Denis’ rules for wrapping presents:

  • Measure the paper you need by using the present to measure it;
  • Fold and crease the paper where you are going to cut it;
  • Cut the wrapping paper with a knife – no scissors in sight;
  • There is a 3 piece sticky tape rule (this is not strict, but he is silently impressed with himself when he pulls it off!);
  • Finishing off the wrapping is all in the art of the paper folds at either ends – this really reminds me of origami.

The result is that he can wrap the strangest shaped present with style and finesse, people comment on the wrapping (i.e. my Mum) – and how perfect it is, and with all of these ‘rules’ he gets the job down quicker than I ever would, with less wastage (paper and tape).

Note: I tried wrapping a present today, as I can’t really get him to wrap his own presents.   One must ensure they use a sharp knife – otherwise the result is torn paper.  And I must admit this works (once you swap to a sharp knife), as I stupidly started with scissors, and one side of the paper is not too straight, then swapping to a blunt knife – tearing the paper, ending up with a sharp knife and a lovely precision cut on the other side of the paper!  Oh – and I managed the 3 piece sticky tape rule. WOOH!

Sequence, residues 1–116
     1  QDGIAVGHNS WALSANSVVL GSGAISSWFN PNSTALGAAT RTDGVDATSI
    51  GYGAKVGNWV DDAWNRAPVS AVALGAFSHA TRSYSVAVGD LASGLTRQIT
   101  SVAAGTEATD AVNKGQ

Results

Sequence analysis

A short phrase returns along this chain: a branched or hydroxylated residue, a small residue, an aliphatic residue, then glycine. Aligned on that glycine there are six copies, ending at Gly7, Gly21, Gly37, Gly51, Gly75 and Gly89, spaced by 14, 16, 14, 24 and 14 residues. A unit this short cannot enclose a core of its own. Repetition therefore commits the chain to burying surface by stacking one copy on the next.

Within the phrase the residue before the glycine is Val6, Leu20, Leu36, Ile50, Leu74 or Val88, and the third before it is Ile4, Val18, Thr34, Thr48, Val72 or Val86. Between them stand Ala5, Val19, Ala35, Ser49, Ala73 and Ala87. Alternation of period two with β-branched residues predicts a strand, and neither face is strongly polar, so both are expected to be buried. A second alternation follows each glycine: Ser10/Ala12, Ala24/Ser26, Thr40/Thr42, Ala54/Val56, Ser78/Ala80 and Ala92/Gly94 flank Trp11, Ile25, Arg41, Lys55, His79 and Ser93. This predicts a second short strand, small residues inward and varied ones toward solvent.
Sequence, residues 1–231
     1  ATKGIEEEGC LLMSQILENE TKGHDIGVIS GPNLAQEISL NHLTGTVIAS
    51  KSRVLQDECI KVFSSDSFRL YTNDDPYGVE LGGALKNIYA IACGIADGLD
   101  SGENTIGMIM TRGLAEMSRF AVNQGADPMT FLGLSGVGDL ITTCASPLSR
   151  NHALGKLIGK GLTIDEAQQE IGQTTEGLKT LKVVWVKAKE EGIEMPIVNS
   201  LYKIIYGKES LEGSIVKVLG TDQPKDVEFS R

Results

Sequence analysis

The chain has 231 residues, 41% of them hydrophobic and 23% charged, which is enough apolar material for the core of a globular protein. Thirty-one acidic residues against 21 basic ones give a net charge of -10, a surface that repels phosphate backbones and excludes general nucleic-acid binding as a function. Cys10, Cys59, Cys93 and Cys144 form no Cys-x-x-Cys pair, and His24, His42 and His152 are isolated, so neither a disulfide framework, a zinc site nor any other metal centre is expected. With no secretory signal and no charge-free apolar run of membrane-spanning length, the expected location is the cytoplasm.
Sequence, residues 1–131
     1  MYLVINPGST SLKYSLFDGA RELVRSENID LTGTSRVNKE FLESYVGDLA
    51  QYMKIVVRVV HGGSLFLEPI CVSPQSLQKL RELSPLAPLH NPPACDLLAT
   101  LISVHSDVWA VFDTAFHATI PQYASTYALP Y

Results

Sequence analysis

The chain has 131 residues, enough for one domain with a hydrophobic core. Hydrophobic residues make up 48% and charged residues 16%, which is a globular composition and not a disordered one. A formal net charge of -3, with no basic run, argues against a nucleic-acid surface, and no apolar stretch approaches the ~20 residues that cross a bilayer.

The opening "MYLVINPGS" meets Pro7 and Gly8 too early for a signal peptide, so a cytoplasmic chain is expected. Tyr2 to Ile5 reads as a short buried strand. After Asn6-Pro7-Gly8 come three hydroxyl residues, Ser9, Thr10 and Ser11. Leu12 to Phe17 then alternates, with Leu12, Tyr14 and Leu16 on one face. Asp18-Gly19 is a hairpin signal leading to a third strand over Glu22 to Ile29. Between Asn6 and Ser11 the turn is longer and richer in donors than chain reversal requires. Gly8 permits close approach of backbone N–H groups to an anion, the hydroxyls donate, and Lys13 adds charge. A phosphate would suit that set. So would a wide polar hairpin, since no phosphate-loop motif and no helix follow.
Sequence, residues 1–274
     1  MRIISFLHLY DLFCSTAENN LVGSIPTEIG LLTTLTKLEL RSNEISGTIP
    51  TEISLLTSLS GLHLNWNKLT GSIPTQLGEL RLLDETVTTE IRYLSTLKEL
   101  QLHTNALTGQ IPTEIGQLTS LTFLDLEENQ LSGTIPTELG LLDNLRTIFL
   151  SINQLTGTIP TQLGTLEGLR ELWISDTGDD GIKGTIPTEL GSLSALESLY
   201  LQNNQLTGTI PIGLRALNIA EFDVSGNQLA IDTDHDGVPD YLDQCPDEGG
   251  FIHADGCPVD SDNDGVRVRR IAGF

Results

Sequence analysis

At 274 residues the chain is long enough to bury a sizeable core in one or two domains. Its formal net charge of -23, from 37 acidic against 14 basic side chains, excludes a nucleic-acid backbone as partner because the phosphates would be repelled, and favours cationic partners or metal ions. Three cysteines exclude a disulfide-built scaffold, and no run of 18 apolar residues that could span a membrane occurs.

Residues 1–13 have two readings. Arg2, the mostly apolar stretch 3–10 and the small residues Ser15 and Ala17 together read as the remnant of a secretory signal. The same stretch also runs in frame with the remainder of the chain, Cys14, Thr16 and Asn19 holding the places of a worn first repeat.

Loss at Christmas


Death is inevitable – ‘Just like taxes’ – or so I’ve been told numerous times this year.  But when you lose someone important in your life, it can affect you in all sorts of ways…days, weeks, months and years down the track –  with those special occasions being especially challenging.  I always heard that the onset of Christmas (and the actual day) was one of the hardest.  I guess that’s what my family is experiencing.

It’s been about 6 months since Nan passed on.  In a way it’s gotten easier, but the memories live on, and sometimes the thoughts coming trickling back, or – like yesterday – hitting me like a tsunami.

Nan and Me - Christmas 2009

I know I’m not alone though.  My dear Uncle, who lived with Nan for his whole life, still has the feeling that he will get back from his night shift with a beer waiting for him on the kitchen bench. A nice ‘night’ cap before going to bed.  My Mum has been walking around the shops christmas shopping, with a little tear in her eyes, at it was at Christmas we would always put the most thought into the gifts for my Nan (and her Mum).  Me. I’m also missing that.  I opened my underwear draw the other day – where I place a few special mementos (right next to the bed) – and remembered that’s where I had put what I gave Nan last year. Mum gave them back to me a few months ago.  It was an ornate, silver lipstick holder and a old-fashioned mesh jewellery pouch. Unfortunately she’d never gotten the chance to use them, as she declined rapidly after Christmas 2009.  I loved shopping for my Nan at Christmas.  I still go into shops and see things that I would love to spoil her with.

At least the people that are left can cherish these thoughts – the memory of that beautiful woman – and celebrate Christmas together.

2010 has been a hard year for so many people, but I think nearing the close of the year we should use this time as an opportunity to also come together, celebrate our friendships, family, successes, failures, life, trade a whole load of hugs, and most of all just have a laugh.